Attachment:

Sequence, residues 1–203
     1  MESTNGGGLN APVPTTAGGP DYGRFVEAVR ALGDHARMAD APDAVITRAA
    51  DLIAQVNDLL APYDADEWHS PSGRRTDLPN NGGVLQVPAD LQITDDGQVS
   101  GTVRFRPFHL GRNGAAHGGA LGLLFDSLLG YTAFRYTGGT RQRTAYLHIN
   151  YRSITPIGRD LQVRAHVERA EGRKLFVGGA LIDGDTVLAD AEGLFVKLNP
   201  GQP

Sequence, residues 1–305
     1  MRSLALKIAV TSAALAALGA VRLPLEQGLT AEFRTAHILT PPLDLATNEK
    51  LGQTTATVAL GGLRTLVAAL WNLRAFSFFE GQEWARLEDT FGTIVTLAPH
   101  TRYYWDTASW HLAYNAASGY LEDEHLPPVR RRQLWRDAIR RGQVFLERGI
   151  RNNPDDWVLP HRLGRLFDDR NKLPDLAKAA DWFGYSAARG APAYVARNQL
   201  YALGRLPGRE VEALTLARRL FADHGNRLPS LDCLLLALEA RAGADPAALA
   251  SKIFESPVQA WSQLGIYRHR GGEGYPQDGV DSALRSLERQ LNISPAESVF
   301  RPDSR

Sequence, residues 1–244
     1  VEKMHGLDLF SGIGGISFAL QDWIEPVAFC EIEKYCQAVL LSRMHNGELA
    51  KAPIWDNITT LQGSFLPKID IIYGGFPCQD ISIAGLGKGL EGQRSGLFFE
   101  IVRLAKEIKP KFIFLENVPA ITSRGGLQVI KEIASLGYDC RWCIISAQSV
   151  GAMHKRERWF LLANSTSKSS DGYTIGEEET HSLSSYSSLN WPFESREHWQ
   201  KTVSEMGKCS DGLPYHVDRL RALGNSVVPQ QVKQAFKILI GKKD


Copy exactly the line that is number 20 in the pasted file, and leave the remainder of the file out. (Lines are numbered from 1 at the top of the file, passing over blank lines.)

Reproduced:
   201  KTVSEMGKCS DGLPYHVDRL RALGNSVVPQ QVKQAFKILI GKKD